RID: 01f4, Username: <Administrator>, *BLANK password*
RID: 01f5, Username: <Guest>, *disabled or locked*
RID: 03e8, Username: <HelpAssistant>
RID: 03ea, Username: <SUPPORT_388945a0>, *disabled or locked*
Hives that have changed:
 #  Name
None!

This example has four users: Administrator, Guest, HelpAssistant, and SUPPORT_388945a0. Pick the user you want to edit, and then run chntpw with the -u option:

knoppix@ttyp1[config]$ /home/knoppix/chntpw -u username
 SAM

Once you change the password and save your changes, unmount the filesystem and reboot:

knoppix@ttyp1[config]$ cd
knoppix@ttyp1[knoppix]$ sudo umount /mnt/hda1

When you boot back to Windows, the password should be blank, so you can log in and change the password with the regular Windows tools.

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19 Responses to “Reset Windows Password /w KNOPPIX.”

  1. sam said

    hi there,
    thanks for the useful infos about boot.ini , i just have one extra question.
    i have both windows xp and linux installed on my computer, the linux boot loader controls the boot operation through GRB upon booting linux screen comes up and it shows you what OS to boot into.
    Is there any way that I can have windows to control the boot process ?
    thank you.

    cheers

    Sam

  2. MINTH said

    Your instructions suck ass.

  3. didi said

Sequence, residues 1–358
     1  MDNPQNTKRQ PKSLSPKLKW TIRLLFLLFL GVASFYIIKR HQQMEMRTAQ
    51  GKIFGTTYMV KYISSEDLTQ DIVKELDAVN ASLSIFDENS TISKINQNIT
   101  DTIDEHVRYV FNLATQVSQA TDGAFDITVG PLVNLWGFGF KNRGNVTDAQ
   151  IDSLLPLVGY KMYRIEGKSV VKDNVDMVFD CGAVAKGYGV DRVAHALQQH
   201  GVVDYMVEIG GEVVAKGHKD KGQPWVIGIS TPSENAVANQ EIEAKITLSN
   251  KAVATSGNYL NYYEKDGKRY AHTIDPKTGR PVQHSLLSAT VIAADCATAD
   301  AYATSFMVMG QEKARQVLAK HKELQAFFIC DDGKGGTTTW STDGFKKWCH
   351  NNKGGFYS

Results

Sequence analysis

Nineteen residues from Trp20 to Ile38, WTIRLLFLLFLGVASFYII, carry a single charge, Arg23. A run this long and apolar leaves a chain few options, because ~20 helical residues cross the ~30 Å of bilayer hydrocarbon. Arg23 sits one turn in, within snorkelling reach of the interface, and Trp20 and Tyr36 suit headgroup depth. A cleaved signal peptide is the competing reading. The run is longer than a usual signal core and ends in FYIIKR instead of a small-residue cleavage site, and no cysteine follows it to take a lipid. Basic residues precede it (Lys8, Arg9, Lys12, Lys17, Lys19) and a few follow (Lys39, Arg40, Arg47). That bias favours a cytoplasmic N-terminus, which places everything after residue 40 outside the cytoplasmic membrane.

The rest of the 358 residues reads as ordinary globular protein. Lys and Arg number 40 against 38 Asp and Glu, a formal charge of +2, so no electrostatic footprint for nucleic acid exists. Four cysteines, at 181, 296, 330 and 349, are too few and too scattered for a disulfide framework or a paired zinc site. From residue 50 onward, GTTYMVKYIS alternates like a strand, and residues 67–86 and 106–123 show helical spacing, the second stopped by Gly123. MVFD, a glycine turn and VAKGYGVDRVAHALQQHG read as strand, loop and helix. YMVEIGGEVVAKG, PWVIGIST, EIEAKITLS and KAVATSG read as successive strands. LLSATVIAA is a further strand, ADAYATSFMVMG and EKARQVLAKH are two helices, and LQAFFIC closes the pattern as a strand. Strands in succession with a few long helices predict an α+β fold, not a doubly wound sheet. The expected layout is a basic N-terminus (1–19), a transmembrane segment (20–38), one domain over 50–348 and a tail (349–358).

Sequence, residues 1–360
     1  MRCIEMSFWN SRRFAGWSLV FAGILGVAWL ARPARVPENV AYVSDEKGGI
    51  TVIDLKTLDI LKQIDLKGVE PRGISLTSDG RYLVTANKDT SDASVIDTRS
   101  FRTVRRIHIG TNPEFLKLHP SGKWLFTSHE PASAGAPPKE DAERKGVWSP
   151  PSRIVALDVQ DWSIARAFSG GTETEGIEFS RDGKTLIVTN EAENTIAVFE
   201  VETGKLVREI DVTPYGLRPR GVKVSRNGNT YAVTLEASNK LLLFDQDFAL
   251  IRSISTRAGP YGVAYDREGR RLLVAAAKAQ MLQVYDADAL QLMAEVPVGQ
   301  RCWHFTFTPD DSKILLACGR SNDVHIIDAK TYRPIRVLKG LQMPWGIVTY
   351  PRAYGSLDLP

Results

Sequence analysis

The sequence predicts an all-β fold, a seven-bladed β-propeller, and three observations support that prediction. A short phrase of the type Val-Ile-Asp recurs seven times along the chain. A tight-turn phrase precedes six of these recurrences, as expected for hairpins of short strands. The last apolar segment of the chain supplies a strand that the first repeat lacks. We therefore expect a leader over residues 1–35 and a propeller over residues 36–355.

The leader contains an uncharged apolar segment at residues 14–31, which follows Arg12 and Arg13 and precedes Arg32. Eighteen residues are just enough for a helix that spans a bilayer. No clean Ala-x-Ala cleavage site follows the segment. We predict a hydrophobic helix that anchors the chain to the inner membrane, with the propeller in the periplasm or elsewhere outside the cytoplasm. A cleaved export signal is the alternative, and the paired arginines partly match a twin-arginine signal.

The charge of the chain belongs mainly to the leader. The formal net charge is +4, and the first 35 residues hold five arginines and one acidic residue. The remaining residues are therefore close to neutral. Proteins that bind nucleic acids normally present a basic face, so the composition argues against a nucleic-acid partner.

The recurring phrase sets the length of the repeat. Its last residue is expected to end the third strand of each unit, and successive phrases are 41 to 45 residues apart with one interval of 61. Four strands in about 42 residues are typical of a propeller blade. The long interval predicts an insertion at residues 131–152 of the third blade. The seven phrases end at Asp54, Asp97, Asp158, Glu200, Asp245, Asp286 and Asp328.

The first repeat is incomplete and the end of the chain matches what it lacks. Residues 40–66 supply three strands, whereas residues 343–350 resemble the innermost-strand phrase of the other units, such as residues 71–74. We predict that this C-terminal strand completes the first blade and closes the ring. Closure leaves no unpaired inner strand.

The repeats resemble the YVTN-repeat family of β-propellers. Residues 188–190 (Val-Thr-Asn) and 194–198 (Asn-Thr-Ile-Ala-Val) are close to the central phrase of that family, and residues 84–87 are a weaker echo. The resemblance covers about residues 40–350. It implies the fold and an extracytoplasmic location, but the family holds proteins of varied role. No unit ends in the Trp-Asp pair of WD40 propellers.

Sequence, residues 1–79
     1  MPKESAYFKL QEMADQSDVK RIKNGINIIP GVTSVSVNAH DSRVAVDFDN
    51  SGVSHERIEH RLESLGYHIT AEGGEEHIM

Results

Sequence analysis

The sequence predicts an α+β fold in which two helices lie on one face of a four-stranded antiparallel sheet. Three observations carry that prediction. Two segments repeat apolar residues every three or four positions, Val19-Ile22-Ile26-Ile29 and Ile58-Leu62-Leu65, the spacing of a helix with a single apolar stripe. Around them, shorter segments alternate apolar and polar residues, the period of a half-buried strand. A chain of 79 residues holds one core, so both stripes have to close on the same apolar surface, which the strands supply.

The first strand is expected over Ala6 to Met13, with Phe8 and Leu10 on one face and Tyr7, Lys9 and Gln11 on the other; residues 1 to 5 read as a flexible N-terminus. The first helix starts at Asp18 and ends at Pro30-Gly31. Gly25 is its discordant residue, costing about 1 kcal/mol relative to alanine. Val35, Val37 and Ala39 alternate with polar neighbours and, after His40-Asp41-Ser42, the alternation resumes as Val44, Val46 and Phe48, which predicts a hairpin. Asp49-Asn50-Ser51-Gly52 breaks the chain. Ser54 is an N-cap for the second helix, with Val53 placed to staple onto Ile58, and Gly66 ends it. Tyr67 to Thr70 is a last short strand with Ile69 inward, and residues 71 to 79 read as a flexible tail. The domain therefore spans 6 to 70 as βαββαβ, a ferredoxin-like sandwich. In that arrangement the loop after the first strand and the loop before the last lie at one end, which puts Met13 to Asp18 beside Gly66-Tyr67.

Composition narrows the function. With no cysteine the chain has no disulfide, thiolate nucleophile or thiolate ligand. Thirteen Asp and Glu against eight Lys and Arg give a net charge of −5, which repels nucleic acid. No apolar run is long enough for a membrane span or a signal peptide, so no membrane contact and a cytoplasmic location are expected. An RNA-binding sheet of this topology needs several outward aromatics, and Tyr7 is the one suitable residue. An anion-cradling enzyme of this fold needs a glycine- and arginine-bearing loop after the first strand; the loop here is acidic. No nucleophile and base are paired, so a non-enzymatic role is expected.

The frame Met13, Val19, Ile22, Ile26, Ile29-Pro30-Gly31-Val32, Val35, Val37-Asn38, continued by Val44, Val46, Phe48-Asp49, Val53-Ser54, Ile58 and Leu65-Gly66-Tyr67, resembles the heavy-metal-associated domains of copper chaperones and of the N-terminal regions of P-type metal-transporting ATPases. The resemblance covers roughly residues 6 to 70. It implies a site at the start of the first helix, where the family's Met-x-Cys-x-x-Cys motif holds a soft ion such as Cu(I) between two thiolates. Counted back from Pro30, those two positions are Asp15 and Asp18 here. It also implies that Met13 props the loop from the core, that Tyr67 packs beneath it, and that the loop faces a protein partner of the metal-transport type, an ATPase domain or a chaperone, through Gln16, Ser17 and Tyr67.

it’s nice tut!

  4. Tony said

    Very good web site, great work and thank you for your service.D

  5. dans said

    Thanks for the infos 🙂

  6. compn said

    thx for instructions, easy to use a flash drive to copy over chntpw too! 🙂

  7. Thank you very much for this tutorial. There are far too many incomplete explanations of this procedure, but this worked very well for me. I really wish I could find documentation like this on a more regular basis.

  8. A. Nobody said

    Thanks for the tut. It worked as advertised.

    I don’t know if you are still maintaining this, but I was able to download the pkg from the debian website and install it by clicking on the icon on the desktop (launching kpkg). To do this, you do need to set a password for root. You can do this by opening the shell, typing ‘su’, then typing ‘passwd’, then follow the instructions. i think thats easier than converting and extracting the package … etc.

  9. BBT said

    To retrieve the package on Debian style distros, siply use:

    sudo apt-get install chntpw

  10. plasmidmap said

    Totally awesome! If you have Ubuntu installed (either on same HDD or another) it’s very simple to reset the password:

    – Mount the NTFS Partition
    – sudo aptitude install chntpw
    – chntpw /media/disk/WINDOWS/system32/config/SAM
    – Follow instructions…

    Finished!!

    Thank you!

  11. YAA Adding this to my bookmarks. Thank You

  12. Seth said

    Great post, just used this to promote a Windows 7 user account back to an administrator from an Ubuntu install on the same drive.

    Check out https://help.ubuntu.com/community/MountingWindowsPartitions/ThirdPartyNTFS3G

    for a quick and easy way to get the NTFS partition mounted read/write from Ubuntu.